6000ex­pected again for fam­ily event at Groynes

Thou­sands of young­sters in Oc­to­ber will again have the chance to ex­pe­ri­ence a day’s free fish­ing.

The Press - Escape - - ESCAPE - Peter Shutt

Ded­i­cated vol­un­teers will help chil­dren and ju­nior an­glers en­joy a full-day event, the 24th an­nual Take a Kid Fish­ing (TAKF), at the Groynes, Christchurch, on Oc­to­ber 14.

Free li­cences are pro­vided for eas­ily New Zealand’s big­gest TAKF day, with sev­eral thou­sand Christchurch par­tic­i­pants again expected. The day has con­trib­uted much to re­tain fish­ing as the sin­gle big­gest par­tic­i­pa­tion sport in New Zealand.

Take a Kid Fish­ing was started in the United States by Pres­i­dent Ron­ald Re­gan in 1987 and fol­lowed in Bri­tain. The pur­pose was to en­cour­age chil­dren into a healthy out­door pur­suit.

It started in New Zealand in 1988 with the Queen Mother as pa­tron. A com­mit­tee in­cluded Sir David Beat­tie and Sir Mur­ray Hal­berg, while two mem­bers from the sports trade were Jack Carter and stal­wart .

‘‘My task was to es­tab­lish the event in Can­ter­bury, so with the help of some won­der­ful peo­ple and groups, we have grown an easy ram­ble into a full-blown event,’’ says Den­ton.

‘‘Take a Kid Fish­ing is aimed at giv­ing all chil­dren the chance to en­joy the out­doors,’’ he says. ‘‘They are taught prac­ti­cal skills and learn to un­der­stand the en­vi­ron­ment. The events are free of charge. Given the op­por­tu­nity to go fish­ing and catch a fish, most kids are ea­ger to be in­volved,’’ he says.

Kids Fish­ing Char­i­ta­ble Trust runs the Christchurch event, with strong sup­port from lo­cal spon­sors.

‘‘Christchurch has held suc­cess­ful events for the past 23 years and has achieved a to­tal at­ten­dance of 75,000 kids over that time,’’ says Den­ton.

At the Groynes, four lakes are stocked with hun­dreds of salmon do­nated by Lady Diana Isaac for the event. Loan fish­ing tackle is avail­able and skilled an­glers pro­vide the ex­per­tise and as­sis­tance to help the kids catch a fish. While fish­ing is lim­ited to chil­dren, fam­i­lies are en­cour­aged to help. The fam­i­lies are shown how to catch fish, clean and fil­let and cook them on a bar­be­cue.

At­ten­dance is capped to around 6000 and up to 100 vol­un­teers su­per­vise. It’s a happy oc­ca­sion with fam­i­lies en­joy­ing their in­volve­ment and be­ing out­doors to­gether.

‘‘I think there is a lot more to do,’’ says Den­ton. ‘‘In ad­di­tion to the one-off event each sea­son, there is great op­por­tu­nity to hold work­shops/clin­ics over the sum­mer sea­son that will help teach kids out­door skills and in­crease their en­joy­ment of fish­ing.”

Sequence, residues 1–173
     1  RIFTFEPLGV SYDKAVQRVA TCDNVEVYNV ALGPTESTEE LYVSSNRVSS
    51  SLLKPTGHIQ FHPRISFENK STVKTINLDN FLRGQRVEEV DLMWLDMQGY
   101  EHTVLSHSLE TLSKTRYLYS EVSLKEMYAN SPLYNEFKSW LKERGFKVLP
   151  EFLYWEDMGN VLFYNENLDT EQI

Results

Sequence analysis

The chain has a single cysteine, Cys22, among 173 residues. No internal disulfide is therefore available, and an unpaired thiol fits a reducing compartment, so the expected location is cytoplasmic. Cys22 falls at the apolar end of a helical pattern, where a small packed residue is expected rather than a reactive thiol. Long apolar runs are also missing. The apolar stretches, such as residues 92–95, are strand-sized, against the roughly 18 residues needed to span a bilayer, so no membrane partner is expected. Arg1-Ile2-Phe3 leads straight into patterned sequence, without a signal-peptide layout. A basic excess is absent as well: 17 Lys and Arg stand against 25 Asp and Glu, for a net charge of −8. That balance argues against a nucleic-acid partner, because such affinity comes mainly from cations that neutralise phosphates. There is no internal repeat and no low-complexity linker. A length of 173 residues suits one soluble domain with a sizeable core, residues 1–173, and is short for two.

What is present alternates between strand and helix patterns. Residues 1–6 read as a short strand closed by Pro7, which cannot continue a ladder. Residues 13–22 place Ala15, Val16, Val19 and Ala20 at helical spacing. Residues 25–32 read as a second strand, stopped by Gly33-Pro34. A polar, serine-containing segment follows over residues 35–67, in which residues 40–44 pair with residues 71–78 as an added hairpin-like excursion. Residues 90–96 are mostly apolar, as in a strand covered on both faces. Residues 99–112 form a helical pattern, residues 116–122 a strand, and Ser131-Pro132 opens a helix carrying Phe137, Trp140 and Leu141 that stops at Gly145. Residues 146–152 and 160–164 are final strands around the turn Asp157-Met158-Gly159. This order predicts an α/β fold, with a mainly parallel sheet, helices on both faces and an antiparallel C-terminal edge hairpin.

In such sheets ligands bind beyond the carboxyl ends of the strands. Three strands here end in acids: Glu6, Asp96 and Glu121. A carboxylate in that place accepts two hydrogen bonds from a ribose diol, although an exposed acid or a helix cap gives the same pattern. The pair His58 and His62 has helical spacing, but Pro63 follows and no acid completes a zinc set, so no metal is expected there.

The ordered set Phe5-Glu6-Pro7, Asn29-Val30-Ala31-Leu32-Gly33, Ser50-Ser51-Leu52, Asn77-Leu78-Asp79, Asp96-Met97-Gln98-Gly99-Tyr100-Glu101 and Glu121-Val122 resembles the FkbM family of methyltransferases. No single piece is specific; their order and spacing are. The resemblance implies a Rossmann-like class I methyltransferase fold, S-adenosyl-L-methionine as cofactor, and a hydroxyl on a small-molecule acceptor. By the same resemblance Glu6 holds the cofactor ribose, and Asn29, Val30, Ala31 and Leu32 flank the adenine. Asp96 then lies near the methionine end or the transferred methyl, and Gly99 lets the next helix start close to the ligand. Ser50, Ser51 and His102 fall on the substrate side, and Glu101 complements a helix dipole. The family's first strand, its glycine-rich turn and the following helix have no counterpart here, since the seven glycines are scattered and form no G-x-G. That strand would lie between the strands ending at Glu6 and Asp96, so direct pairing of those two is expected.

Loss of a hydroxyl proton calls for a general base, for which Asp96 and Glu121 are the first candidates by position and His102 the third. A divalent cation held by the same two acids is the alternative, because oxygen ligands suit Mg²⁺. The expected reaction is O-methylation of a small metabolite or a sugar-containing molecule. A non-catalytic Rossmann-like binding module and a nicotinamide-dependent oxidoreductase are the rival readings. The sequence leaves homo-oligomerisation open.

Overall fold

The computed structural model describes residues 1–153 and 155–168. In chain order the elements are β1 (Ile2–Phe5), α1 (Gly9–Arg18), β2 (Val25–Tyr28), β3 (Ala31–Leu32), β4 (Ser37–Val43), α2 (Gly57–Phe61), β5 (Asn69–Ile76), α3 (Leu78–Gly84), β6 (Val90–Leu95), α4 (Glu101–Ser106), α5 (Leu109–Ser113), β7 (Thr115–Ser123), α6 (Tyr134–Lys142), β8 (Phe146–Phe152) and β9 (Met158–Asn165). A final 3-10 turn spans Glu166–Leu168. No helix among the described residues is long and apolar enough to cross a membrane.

He says that to see and be part of the sheer en­joy­ment and ex­cite­ment of chil­dren

With rivers turned up­side down – silt flow­ing on the sur­face in­stead of sta­ble on the streambed – it’s no won­der that few an­glers have tested the win­ter wa­ters along Can­ter­bury’s coast­line this past fort­night.

Last week the sea off Lei­th­field Beach was a per­fect colour for fish­ing, but there were no an­glers in sight. The sea was clear, flat and the mul­ti­tude of birds work­ing off­shore where an en­cour­ag­ing sign. I’m told the birds were also ac­tive off Tau­mutu, sug­gest­ing per­haps that white­bait might have been present.

It’s thought boats work­ing close to the beach off Kaitorete Spit have been chas­ing ele­phant fish, al­though it’s too early for this species to be present in any num­bers.

At the Rakaia river­mouth a num­ber of good sea-run trout have been sighted – and when the Sel­wyn River clears, fish­ing be­low the up­per huts should be pro­duc­tive.

You can ex­pect it to be very good fur­ther up­stream when the sea­son opens on Oc­to­ber 1.

There doesn’t ap­pear to be many sil­ver­ies at the Rakaia mouth, al­though the rel­a­tively small flow in the Ran­gi­tata River would sug­gest river­mouth fish­ing could quickly be­come avail­able.

The only place I can of­fer truck­loads of fish is in the Macken­zie Coun­try canals, al­though I’m told the scal­lop sea­son is look­ing pretty good in the Marl­bor­ough Sounds.

The east coast white­bait sea­son has not fired yet, but if the birds work­ing off Lake Ellesmere beach are any in­di­ca­tion then clear­ing river flows could be the at­trac­tion they need.

The cod ban starts on Au­gust 31, so an­glers cur­rently get­ting a feed will soon have to go fur­ther afield.


Good start: Rosa McNeil, 5, with her first catch of the day at last year’s Take a Kid Fish­ing at the Groynes.

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